Being in a small boat in the middle of the ocean can be a stark reminder of who’s the boss out here. And it’s definitely Mother Nature, no question of that. Sailors do their best to prepare themselves and their boats, and make sure of having a good handle on the weather forecasts, but at the end of the day it’s Mother Nature who calls the shots and all we can do is respond as best we can.
This passage, more than any other we’ve done, has reminded us of this fact. We left the Bay of Islands in light winds and a large rolling swell from the North-East. The sun was shining and even the cold air and the fact that we were motor-sailing couldn’t dampen our joy at being back at sea again. We settled into our watch routines (3 hours on, 6 hours off between the 3 of us) and tucked into our pre-prepared passage meals. We knew that the winds would be building, and we were expecting strong winds of 25-30kts for 24 hours or so, with seas up to 3 metres. What we didn’t know was that a low-pressure system had formed over Tonga, essentially compressing the winds on the edge of the high system we were riding. Normally the winds associated with the high would move through relatively quickly, but now they were being blocked by the low to the north, and becoming stronger. By Sunday evening we were down to 2 reefs in the main and a partially furled jib, by 4am on Monday we were getting sustained winds in the 30s, so Bruce and Sherm were woken up to put the third reef in and reduce the jib to a handkerchief size. From then on, it was just a question of hunkering down and enduring the next two and a half days as the seas built to 4 metres and the winds continued in the 28-30kt range.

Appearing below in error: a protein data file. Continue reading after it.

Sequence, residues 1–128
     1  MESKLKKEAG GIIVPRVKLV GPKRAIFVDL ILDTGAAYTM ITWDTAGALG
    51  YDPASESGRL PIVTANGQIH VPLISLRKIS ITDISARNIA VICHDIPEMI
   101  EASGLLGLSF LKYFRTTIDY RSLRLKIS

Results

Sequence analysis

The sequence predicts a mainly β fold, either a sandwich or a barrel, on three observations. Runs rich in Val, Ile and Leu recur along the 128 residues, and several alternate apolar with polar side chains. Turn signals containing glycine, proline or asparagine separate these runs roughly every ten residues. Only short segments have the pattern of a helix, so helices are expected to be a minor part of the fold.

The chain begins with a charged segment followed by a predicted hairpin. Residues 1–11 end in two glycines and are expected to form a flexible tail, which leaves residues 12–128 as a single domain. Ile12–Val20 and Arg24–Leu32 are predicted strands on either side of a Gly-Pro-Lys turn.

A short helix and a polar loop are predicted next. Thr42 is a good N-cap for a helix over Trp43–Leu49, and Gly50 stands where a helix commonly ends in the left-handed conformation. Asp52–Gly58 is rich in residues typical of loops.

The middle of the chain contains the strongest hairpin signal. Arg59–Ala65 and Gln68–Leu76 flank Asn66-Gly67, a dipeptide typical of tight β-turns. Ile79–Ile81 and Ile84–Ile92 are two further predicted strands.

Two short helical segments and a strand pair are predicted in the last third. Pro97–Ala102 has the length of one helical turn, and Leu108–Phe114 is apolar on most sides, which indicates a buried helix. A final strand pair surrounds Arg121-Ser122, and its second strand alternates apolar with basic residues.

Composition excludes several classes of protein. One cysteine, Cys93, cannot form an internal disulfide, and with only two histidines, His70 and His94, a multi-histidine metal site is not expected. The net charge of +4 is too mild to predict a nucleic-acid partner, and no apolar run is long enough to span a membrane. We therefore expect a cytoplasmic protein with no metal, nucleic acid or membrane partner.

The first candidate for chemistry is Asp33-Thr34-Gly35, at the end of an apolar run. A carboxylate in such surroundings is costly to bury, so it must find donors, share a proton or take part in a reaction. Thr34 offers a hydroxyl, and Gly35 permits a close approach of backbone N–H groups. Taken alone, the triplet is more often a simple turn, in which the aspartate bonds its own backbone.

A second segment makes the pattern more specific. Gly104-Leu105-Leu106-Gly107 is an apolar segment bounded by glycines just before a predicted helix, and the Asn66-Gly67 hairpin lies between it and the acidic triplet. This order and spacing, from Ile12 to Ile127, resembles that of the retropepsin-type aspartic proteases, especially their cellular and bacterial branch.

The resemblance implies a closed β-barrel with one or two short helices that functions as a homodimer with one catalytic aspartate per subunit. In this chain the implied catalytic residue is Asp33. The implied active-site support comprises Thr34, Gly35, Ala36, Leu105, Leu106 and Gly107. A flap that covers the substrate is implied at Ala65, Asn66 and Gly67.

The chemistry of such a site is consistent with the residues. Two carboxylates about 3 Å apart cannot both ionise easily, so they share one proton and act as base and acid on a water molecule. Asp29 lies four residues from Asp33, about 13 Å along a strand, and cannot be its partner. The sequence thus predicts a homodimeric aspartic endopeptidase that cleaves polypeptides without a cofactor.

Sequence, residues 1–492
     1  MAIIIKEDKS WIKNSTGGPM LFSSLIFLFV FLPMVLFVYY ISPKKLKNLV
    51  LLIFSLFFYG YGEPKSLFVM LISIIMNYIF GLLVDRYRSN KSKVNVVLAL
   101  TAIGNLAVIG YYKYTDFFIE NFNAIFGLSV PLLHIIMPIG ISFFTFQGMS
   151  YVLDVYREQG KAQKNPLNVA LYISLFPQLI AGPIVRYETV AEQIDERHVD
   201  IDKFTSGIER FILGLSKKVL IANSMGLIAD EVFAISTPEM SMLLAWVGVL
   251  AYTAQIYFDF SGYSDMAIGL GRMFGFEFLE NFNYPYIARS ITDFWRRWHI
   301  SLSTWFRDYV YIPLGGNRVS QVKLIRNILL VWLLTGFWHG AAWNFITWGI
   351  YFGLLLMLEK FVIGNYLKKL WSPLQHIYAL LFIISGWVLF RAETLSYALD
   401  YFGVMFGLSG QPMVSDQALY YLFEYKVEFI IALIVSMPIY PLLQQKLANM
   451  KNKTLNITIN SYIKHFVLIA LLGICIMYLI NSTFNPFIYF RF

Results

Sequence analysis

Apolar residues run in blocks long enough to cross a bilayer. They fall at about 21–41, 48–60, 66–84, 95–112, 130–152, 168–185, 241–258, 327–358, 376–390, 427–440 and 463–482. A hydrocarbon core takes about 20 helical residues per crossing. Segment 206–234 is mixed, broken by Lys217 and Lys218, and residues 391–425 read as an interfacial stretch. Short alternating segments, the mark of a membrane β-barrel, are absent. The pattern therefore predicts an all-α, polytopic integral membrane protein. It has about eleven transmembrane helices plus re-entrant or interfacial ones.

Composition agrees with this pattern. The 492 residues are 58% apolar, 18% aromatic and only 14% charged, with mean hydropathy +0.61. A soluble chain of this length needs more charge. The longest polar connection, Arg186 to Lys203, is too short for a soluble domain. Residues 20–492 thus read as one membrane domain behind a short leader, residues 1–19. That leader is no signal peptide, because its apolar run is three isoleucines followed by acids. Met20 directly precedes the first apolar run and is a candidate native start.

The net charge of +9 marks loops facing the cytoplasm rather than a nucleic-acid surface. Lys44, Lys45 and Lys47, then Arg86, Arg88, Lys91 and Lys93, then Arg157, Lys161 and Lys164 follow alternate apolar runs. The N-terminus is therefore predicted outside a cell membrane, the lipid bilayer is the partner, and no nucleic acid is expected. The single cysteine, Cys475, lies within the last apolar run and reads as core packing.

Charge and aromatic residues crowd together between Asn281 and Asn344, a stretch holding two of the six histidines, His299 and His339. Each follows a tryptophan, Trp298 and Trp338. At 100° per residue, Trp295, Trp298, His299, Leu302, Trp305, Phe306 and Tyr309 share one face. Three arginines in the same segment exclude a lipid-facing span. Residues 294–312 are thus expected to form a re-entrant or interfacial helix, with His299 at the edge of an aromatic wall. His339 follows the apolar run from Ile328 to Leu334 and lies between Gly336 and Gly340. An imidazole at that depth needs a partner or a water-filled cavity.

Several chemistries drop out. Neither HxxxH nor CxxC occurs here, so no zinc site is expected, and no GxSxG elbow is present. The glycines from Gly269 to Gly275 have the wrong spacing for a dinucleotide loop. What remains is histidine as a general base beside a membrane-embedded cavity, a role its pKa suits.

For those who don’t sail, or haven’t sailed a catamaran, let me try to paint the picture for you.imagine you’re in a car with no suspension on the worst dirt road imaginable. Now imagine that with sickening regularity you’re falling into the huge potholes that litter the road, which slam you out of your seat. Oh, and there are teams of people lining the road with fire hoses that are randomly aimed at you. And of course, the road itself is moving and pitching and throwing you first one way then the next. A roller coaster ride has nothing on this!!
Thankfully, Bruce has rigged up a repeater autopilot unit inside so at least we can now be warm and dry, and monitor the instruments from the saloon. To date, our list of breakages and gear failure has been thankfully minor one stanchion base sheared off that the kayak was attached to, thanks to a large breaking wave over the bow. Bruce and I did a commando-crawl rescue mission to retrieve the kayak, which is now ensconced in the cockpit as it’s too rough to try and re-tie it somewhere else. And during one of the pothole incidents, the kettle flew off the stove and the handle broke (luckily it wasn’t full of boiling water). The chart plotter has given up the ghost (we only used it for recording our log as we use the ipads for navigation), and the new wind gauge has gone crazy, doing loop-the-loops and telling us lies about our wind speed, which in turn sends the autopilot into standby mode every so often.
Sadly, all of this is put into perspective as a minor inconvenience compared to the tragedy that has unfolded to the west of us. The details we’ve been getting are still sketchy, but it appears a 20m yacht was dismasted in the worst of the weather, with one crew member deceased and another missing after being washed overboard. The remaining three crew have been rescued by a freighter and the abandoned yacht is now adrift, with yachts on passage being advised of its position to avoid collision. Our hearts go out to the families and the crew of the stricken yacht, and all of us out here on the water are deeply saddened and shocked. It’s a dreadful and sobering reminder of how quickly things can change and reinforces our respect for Mother Nature.
With the wind and seas now abating slightly, we’re having a more comfortable ride and with luck should be at Minerva Reef tomorrow lunchtime. We’re looking forward to a couple of days rest there, and the chance to experience being anchored in a reef lagoon in the middle of the ocean. No photos I’m afraid as this is a remote posting, but photos will follow once we have internet in Fiji.